Audra McDonald Brings The American Songbook To San Diego
>>> Audra McDonald is a celebrated performer and brought Ray history. That is only a part of what she does. Her soprano voice is equally at home or an opera house or cabaret. She is an actress, TV star, recording artist, she has one Grammys, the Emmy, the national medal of arts, and a TONY. Six of them. Or than any other performer and more than each of the four acting categories. The San Diego sympathy -- Symphony presents an evening with Audrey McDonald tonight, it is an honor. Welcome, Audrey. Your San Diego concert is part of your national concert tour this year. Is there a team that scoping for the shore -- tore something that ties the shows together for you? >> Not necessarily. Usually, when I TORCON my tour in two different ways, to her with my Treo and I tour and work with different orchestras in different cities. A lot of the music is based on what I have orchestrated for an orchestra or a Treo. In terms of the theme, the main theme is always music from the great America music songbook. That could be anything from songs written way back from Rogers and Hammerstein and before that to songs written by new young musical theater composers. As recently as a couple of years ago. And everything in between. That is the main theme. As long as we are dealing with the Great American songbook. >>> You said you never leave home without the song somewhere over the rainbow or make somebody happy from the show do re mi. >> Make just one someone happy. >>> What is so special to you about those songs ? >> I like the messages of both of those songs. Make someone happy. That has been a mantra for me. Away I am trying to live my life now. Not that I necessarily did not before. I was not trying to make people unhappy before. I realize in this day and age it is important to spread goodwill and love. And joy wherever you can. That song is important to me. The same thing with somewhere over the rainbow which deals with hopes and dreams and aspiring and in managing -- imagining you can achieve those dreams and finding a way to be the better person you can be. As well is just being University -- universally loved great songs. That's why I still sing them everywhere. >>> A recent review of this tour says you quote pulled a high C out of your throat like a magician revealing an infinity of handcart chips. -- Handkerchiefs. I'm wondering if you have a over just -- over-the-top description of your voice? >> I don't like to read reviews. The description of my voice I think in my world is most accurate is I come from a family of musicians, a family of incredible singers to the point where my voice is kind of one of the smaller voices in comparison to the rest of the singers in my family. My voice was always the I was the overdramatic child and everyone thought my voice was cute and sweet. Compared to some of the other voices in my family it was not that big. >>> That is the review that you take from it? >> Yes. The one I'm used to. >>> Nice. A cute little voice. You talk about the struggle you had finding her operatic sound while turning a Juilliard. But did not seem to be connecting. You are know now as someone who can easily go back and forth between opera and musical theater. >> I think it was the genre. I grew up wanting to be on Broadway and being a musical theater singer. I was enamored with singers like Barbara Streisand, Julie Garland, Barbara Cook, Lena Horne, Diane Carol. Leslie Adams, people like that. When I went to Juilliard, they were saying you have an operatic voice, you have to aspire to sound like Leanne King price, and people like that I like their singing I just did not want to give myself over to that sound because I did not think it was an appropriate musical theater sound. It was a struggle for me to let my voice go to this place that I did not think was the right sound for musical theater. What I have learned is going in that direction helped me find all of that which was my sound. Not operatic, not musical theater, but Audra. >>> I may Junior Tony awards, this year's Tony nominations are out. There is a lot of Hollywood on Broadway this year. SpongeBob SquarePants, mean girls, Harry Potter. You think this is peak commercialism on Broadway? >> Not necessarily. I don't think so. You go through cycles. A couple of years ago we had Hamilton. And the show I was doing at the time was nominated. There were shows deeply rooted in whatever the subject matter was and deeply rooted in musical theater in terms of their origin. I would not call it commercialism. I don't think I would go there. they are still drawing on the medium that is musical theater to tell the stories. You have to give way to things being told in a theatrical way that you would not necessarily do as far as film or television is concerned. I would not go that far. Being that I have been in the business for a couple of decades now, it is cyclical. You cannot compare one season to the next. >>> Do you get time to listen to music for enjoyment? >> Yes. We have music playing in our house all the time. >>> What draws your ear? >> Here's the thing, my husband and I, when we have control of what we want to listen to, we are oldies. We will have James Taylor, Roberta Flack, Earth wind and fire, Stevie wonder. Lately, because we have a 19 month old now whose name is Sally, we recently made a playlist of every song we could think of that has the word Sally and it. Mustang Sally, laydown Sally, all these great things from all over all genres. It is eclectic. But we don't listen to a lot of is musical theater and I think it's because what we do for living . >> a Audrey McDonald performance with the San Diego Symphony tonight at comp Lee Symphony Hall. Take you so much, Audrey. >> Thank you, take care.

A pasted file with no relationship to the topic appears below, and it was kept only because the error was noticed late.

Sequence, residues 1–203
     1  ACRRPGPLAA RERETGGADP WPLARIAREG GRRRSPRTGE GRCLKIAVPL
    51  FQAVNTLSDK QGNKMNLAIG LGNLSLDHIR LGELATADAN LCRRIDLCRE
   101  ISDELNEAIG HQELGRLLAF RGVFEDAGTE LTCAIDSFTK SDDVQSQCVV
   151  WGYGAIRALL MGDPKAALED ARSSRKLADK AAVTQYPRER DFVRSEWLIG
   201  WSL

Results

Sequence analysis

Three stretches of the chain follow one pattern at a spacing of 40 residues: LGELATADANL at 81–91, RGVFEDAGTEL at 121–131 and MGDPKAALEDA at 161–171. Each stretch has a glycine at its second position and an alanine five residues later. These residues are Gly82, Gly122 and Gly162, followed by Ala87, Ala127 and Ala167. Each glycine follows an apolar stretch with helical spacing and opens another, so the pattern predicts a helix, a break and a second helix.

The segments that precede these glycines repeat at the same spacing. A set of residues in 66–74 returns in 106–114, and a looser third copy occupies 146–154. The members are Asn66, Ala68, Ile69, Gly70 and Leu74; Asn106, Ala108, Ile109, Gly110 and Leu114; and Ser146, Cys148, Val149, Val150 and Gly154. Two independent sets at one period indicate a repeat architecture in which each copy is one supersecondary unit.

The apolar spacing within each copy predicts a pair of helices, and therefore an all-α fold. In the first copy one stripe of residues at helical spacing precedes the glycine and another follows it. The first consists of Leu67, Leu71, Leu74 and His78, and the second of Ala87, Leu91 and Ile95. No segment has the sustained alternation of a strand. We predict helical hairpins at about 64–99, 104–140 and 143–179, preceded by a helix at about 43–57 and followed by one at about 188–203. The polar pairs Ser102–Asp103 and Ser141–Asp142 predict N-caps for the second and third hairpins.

Audra McDonald is one of the most celebrated performers in Broadway history. She has earned six Tony Awards, more than any other performer. So theater fans should be in for a treat Thursday night as McDonald performs with members of the San Diego Symphony.
"The main theme for all of it is always music from the 'Great American Musical Theater Songbook,'" she said. "But that can be anything from songs written way, way, way, way, way back, Rogers and Hammerstein and every before that, to songs by new, young musical theater composers."
McDonald is known now as someone as comfortable in an opera house as she is in a cabaret. But she struggled when her teachers at the prestigious New York performing arts school Juilliard tried to push her from concentrating on musical theater to opera.
"It was a struggle to let my voice go to this place that I didn’t think was the right sound for musical theater," she said. "What I’ve since learned is that going in that direction help me find all of that which is my sound: not operatic, not musical theater, but Audra sound."
McDonald joins KPBS Midday Edition on Thursday with more on her stop in San Diego.